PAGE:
Perhaps. I did find it curious that you were pointing to our deepest, most automatic instincts as the most "rational" motivations we have
This is a nice point, but I think your claim that there are no rational goals is too reductive. For example let us say I have the non-rational aim of buying my wife some flowers. This would rationally
necessitate that I survive long enough to do so; in this sense I would argue that self-preservation is
a rational aim (in most cases at least; there may be cases, such as suicide, where one can rationally act to attain the non-rational aim of self-destruction, but these would, hopefully, be exceptional cases).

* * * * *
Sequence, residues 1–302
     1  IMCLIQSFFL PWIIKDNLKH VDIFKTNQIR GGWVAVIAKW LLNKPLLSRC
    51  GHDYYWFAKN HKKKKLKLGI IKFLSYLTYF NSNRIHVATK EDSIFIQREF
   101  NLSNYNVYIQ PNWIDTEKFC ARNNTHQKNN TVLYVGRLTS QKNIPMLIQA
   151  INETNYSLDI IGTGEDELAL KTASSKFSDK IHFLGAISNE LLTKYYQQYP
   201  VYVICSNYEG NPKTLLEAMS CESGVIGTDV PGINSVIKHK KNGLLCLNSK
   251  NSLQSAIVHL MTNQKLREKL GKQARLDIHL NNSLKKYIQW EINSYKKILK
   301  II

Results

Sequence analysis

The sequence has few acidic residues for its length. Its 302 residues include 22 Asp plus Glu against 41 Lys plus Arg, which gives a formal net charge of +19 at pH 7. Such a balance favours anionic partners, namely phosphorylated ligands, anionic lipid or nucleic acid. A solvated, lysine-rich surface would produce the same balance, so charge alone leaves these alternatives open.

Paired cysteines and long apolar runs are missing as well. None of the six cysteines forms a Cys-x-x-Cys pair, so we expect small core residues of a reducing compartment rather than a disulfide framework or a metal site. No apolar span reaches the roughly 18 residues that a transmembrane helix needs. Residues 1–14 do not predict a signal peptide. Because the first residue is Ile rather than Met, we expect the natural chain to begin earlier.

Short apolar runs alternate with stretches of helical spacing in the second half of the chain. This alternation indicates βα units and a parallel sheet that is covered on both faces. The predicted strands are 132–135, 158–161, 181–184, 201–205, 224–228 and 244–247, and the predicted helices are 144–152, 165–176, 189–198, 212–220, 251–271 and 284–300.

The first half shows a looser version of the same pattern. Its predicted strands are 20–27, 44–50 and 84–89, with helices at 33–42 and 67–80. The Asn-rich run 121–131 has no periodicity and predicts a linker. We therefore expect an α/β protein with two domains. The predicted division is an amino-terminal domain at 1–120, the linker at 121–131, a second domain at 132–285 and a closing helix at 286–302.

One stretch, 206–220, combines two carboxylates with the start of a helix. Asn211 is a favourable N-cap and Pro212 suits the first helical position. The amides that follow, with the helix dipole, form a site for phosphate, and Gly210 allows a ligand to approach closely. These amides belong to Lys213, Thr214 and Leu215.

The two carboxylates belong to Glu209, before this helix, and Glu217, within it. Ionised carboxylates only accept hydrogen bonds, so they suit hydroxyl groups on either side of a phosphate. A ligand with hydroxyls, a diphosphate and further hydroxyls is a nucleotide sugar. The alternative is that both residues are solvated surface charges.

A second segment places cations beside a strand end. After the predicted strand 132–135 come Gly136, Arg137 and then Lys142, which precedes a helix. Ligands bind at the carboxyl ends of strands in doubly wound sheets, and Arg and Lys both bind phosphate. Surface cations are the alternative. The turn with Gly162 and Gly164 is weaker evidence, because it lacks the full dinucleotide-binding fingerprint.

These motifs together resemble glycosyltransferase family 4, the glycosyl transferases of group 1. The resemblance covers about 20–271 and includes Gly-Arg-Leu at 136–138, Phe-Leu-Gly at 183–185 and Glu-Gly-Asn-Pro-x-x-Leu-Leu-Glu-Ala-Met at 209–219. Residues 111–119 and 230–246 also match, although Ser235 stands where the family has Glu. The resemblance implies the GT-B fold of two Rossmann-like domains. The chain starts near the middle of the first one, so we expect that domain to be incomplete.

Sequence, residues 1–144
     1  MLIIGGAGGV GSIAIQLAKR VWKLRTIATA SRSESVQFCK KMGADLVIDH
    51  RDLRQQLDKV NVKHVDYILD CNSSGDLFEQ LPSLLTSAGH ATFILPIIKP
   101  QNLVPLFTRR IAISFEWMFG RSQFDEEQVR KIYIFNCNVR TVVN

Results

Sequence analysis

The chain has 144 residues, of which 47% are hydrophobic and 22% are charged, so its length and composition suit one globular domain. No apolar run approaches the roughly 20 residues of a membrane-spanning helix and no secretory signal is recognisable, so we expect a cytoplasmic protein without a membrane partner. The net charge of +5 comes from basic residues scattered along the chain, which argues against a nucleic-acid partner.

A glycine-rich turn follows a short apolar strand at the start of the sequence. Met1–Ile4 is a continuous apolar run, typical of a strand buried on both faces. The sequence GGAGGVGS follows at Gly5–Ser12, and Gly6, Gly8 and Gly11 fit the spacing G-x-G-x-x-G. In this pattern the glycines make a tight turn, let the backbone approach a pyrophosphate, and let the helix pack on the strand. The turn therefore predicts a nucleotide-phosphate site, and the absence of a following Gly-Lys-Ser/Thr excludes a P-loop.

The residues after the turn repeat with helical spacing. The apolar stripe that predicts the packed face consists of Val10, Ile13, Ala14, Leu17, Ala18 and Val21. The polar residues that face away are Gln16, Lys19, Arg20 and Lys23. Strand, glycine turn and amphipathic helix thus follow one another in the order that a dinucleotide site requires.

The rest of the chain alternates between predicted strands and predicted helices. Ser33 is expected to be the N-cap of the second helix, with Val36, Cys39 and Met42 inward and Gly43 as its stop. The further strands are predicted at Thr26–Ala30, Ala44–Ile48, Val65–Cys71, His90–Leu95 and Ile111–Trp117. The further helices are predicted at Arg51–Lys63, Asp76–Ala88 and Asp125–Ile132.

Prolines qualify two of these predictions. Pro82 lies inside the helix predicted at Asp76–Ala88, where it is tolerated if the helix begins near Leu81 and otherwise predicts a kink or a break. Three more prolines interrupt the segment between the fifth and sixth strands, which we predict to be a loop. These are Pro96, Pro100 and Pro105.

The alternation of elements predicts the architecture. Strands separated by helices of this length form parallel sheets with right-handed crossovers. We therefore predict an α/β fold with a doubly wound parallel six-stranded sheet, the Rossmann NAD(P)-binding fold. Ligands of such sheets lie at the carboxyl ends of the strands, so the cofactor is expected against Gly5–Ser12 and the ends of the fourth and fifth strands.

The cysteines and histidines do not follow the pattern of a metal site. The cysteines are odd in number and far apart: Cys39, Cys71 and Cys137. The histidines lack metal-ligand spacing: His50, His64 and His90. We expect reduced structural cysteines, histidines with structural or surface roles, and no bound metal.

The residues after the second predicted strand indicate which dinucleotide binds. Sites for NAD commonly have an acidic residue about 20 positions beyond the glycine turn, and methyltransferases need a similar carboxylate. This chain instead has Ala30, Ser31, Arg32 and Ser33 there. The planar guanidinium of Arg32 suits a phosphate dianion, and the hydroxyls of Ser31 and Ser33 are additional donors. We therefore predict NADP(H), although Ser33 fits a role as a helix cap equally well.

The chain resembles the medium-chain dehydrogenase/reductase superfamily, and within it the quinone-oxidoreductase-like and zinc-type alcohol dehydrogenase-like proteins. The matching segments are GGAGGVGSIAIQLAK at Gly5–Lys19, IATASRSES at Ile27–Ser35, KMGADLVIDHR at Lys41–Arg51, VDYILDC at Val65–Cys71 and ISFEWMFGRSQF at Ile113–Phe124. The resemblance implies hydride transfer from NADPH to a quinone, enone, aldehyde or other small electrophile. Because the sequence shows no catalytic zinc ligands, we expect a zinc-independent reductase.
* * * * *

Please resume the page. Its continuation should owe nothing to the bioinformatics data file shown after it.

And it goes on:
I would go even further and argue that it is, in most cases, we can derive rational to aim to be happy; and even further a rational aim to seek the best outcome. This may well be a semantic argument (you seem to want to define 'rational' in terms of formal logic - ie without any set aims; where as I, and I assume natlegend, want to define 'rational' in behavioural terms - ie containing certain axiomatic aims), but I think your definition is far too narrow.